The Legal Complaints Review Officer (LCRO) has confirmed a lawyers standards committee’s determination that a lawyer D’s “conduct in relation to various trust account irregularities constituted unsatisfactory conduct”.
The LCRO’s review was confined to addressing the standards committee’s determination as to penalty and publication as the LCRO had declined jurisdiction to review the substantive decision. The LCRO confirmed a fine of $1,000 and an order for $750 costs. It also ordered D to pay a further $900 in costs for its review. The LCRO confirmed the order of the standards committee that D’s practice was to be inspected at three monthly intervals for a period of 12 months to ensure D “brings his trust account practices into line with the requirements of the Regulations”.
The decision noted that under the Financial Transactions Reporting Act 1996 (FTRA), financial institutions, including law practices, are required to report all suspicious transactions to the Police Financial Intelligence Unit. The decision affirmed a Law Society inspector’s action to report alleged FTRA breaches to the Police but noted it was not the standards committee’s role to consider and determine whether the FTRA had been breached. The LCRO said: “It is not the role of a standards committee to prosecute a lawyer in a different forum for an alleged breach of the FTRA, and to seek alternative penalties for the breach”.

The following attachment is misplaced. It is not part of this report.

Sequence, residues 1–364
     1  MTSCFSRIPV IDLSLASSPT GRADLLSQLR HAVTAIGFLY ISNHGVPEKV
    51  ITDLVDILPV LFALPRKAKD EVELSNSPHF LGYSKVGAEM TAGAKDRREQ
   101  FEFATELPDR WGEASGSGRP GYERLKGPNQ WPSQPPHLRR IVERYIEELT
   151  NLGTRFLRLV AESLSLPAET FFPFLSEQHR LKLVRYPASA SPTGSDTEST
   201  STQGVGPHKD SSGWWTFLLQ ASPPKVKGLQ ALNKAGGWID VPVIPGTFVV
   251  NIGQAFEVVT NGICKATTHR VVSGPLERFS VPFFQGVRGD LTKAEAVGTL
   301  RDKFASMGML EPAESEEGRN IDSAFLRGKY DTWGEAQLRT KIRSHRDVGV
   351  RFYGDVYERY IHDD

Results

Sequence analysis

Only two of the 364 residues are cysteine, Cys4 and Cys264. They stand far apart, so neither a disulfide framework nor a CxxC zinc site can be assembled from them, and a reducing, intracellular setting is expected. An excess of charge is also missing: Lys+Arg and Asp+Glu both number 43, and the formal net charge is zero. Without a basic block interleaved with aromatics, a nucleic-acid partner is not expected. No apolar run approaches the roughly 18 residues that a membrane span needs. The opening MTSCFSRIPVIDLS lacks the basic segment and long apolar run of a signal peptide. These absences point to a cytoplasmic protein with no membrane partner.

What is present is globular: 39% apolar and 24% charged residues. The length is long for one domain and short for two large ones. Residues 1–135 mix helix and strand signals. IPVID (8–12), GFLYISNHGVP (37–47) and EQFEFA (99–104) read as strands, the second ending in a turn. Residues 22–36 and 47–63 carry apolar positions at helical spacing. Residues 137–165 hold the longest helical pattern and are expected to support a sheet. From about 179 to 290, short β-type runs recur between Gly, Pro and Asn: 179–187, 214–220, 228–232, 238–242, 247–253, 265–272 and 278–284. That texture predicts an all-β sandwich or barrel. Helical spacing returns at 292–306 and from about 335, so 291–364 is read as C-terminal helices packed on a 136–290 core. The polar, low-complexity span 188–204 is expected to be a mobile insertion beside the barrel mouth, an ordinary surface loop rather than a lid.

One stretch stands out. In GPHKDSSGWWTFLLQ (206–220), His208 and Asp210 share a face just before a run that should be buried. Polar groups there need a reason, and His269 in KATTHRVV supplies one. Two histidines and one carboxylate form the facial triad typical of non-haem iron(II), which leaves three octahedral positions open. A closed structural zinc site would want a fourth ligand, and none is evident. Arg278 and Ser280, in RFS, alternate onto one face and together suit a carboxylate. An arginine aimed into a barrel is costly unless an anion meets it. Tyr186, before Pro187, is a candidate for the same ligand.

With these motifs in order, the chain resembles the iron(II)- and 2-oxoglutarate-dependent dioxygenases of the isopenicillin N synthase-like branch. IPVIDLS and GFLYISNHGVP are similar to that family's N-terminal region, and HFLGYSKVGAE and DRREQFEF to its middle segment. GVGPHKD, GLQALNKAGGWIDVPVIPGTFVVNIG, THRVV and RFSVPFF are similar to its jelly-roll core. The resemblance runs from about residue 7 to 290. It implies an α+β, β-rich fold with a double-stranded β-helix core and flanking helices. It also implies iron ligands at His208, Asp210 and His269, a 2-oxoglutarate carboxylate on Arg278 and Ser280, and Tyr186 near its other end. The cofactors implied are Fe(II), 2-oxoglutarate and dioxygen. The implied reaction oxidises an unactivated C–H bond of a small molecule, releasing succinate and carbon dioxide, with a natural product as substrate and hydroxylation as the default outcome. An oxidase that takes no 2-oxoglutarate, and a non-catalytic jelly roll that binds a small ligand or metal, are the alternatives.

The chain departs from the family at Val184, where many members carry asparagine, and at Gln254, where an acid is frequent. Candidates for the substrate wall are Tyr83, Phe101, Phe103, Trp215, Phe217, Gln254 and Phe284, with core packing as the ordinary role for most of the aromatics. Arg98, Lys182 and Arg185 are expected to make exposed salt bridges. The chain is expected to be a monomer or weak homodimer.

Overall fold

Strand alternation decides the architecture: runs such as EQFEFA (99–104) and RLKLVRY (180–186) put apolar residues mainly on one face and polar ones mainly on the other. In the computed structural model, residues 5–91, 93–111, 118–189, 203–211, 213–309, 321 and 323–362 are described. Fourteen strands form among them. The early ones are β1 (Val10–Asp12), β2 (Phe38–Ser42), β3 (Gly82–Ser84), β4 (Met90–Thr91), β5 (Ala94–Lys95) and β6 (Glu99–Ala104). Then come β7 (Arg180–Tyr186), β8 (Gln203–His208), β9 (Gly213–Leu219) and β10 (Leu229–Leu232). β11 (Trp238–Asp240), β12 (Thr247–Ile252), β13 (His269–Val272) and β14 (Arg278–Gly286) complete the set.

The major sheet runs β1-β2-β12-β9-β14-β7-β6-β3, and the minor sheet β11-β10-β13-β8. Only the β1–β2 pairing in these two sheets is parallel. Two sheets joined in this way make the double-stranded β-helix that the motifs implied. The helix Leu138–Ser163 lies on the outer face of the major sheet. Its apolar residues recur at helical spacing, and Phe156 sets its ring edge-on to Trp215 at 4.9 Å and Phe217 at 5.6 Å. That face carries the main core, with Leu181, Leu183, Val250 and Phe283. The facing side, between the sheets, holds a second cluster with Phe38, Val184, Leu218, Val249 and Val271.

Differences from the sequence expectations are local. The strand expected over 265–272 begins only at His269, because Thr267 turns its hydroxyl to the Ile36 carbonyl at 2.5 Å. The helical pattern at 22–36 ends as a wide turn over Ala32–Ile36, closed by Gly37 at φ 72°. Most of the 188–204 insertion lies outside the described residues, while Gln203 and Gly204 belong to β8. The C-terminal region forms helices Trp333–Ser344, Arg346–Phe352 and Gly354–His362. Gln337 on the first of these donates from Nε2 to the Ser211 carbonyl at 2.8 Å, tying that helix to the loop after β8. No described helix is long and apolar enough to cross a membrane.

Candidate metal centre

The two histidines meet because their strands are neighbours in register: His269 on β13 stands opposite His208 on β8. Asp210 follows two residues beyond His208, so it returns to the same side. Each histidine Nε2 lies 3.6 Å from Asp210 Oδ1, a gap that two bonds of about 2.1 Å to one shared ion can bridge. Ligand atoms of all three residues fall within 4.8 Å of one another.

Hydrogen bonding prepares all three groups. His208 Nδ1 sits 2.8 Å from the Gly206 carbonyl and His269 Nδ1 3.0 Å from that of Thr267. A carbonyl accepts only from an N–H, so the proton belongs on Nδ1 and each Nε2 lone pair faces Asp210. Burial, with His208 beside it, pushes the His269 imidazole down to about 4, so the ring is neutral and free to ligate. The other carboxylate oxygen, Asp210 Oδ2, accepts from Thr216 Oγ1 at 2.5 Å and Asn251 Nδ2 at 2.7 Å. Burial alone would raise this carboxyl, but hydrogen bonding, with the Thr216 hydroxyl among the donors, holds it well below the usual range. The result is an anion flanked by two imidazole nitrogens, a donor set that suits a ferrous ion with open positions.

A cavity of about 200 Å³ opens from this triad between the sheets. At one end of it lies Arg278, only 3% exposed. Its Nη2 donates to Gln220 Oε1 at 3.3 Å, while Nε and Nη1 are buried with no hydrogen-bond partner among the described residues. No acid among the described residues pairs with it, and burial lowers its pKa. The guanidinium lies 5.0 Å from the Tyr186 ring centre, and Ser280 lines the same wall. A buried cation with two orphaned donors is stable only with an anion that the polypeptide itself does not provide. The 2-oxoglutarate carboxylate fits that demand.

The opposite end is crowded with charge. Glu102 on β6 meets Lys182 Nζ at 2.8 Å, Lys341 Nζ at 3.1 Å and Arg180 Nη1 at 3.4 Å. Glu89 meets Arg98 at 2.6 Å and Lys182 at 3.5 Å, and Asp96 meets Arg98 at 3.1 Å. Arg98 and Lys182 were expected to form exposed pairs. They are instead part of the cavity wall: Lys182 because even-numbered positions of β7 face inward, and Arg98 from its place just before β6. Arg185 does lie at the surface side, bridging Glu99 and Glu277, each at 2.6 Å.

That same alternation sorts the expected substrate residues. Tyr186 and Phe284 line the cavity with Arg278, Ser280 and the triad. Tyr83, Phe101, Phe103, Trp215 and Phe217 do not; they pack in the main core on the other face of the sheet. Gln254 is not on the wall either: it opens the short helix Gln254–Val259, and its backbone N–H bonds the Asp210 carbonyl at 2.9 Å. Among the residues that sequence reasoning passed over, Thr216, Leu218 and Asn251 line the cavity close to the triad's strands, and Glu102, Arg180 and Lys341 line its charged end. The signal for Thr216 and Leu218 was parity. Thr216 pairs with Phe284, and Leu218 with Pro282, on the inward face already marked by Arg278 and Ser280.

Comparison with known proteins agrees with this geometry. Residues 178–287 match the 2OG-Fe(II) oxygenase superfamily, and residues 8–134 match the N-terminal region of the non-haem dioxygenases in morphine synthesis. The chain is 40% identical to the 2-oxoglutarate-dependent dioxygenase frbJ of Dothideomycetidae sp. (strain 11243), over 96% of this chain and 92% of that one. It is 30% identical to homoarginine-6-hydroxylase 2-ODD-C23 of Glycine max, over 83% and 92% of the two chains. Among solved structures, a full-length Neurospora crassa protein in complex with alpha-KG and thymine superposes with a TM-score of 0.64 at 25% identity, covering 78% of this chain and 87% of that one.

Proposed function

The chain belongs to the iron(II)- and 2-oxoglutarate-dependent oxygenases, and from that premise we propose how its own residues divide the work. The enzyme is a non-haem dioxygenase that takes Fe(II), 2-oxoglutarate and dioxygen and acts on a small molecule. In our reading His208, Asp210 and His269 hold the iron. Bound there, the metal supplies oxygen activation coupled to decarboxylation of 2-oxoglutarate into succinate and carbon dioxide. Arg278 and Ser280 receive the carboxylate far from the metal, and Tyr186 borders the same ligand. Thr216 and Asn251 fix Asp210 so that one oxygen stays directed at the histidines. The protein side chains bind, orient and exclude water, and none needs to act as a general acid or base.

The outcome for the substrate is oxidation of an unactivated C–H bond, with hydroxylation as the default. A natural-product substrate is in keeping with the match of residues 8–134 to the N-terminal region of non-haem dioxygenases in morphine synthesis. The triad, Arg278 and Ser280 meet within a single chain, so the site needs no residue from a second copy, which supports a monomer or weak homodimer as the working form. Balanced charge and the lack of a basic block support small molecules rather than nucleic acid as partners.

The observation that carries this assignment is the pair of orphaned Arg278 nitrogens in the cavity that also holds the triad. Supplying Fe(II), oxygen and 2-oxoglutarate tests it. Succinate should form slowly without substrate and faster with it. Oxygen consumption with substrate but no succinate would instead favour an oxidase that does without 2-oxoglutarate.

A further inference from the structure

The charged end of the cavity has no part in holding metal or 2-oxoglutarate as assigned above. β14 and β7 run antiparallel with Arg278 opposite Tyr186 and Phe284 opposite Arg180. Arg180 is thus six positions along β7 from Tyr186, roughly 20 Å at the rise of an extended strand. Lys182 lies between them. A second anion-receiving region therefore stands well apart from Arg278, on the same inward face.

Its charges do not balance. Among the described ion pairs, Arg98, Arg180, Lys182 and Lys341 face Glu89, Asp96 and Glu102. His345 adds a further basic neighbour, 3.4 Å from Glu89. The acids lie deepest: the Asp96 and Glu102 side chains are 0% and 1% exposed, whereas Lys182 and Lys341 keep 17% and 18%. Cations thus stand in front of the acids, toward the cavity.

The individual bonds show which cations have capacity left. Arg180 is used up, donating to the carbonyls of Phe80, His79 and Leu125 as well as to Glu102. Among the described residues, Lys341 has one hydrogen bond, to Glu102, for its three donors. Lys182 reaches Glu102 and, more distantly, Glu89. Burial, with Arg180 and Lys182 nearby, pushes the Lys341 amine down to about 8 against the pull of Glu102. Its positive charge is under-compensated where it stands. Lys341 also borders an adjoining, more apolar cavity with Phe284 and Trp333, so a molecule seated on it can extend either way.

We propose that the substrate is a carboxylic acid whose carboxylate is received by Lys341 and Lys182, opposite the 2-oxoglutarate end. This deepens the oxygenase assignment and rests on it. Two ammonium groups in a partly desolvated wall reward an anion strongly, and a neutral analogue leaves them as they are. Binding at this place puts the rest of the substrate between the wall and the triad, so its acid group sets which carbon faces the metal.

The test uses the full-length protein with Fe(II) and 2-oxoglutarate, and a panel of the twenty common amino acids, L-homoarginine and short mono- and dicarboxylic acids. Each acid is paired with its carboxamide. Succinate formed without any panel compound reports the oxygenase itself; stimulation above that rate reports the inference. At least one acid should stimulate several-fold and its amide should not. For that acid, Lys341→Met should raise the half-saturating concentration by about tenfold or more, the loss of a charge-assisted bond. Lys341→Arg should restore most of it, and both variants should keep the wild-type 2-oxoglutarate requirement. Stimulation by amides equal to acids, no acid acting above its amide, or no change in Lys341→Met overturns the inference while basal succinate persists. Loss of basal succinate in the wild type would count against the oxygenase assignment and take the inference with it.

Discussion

The standards committee had not made any adverse finding based on the alleged breach of the FTRA but it did find D breached regulations 11, 12(7), 14 and 17 of the Trust Account Regulations and ss 114 and 337 of the Lawyers and Conveyances Act 2006.
On review counsel for D’s arguments included the submission that there should be no penalty and no publication because the breaches were minor. D’s counsel noted that the inspector advised he would not have reported the other breaches but for the alleged breach of the FTRA.
However the LCRO considered that the standards committee, as it did in this case, was able to take a different view. The LCRO noted it was the role of standards committees, the LCRO and the Tribunal to establish policy as to whether or not breaches of the various rules and regulations constituted unsatisfactory conduct.
The LCRO noted that the protection of the public is one of the main purposes of the Act and this necessarily includes protection of client funds. The LCRO sounded the following cautionary note:
“If the profession indulges in excusing non-compliance with the rules and regulations this can only serve to undermine the protections established by the Act. It also does little to reinforce the positive conduct of the majority of lawyers who take care to know and understand and comply with rules and regulations.”
“Whilst therefore there will be circumstances when non-compliance with the rules and regulations may not result in an adverse finding, the overall approach must be to enforce strict compliance.”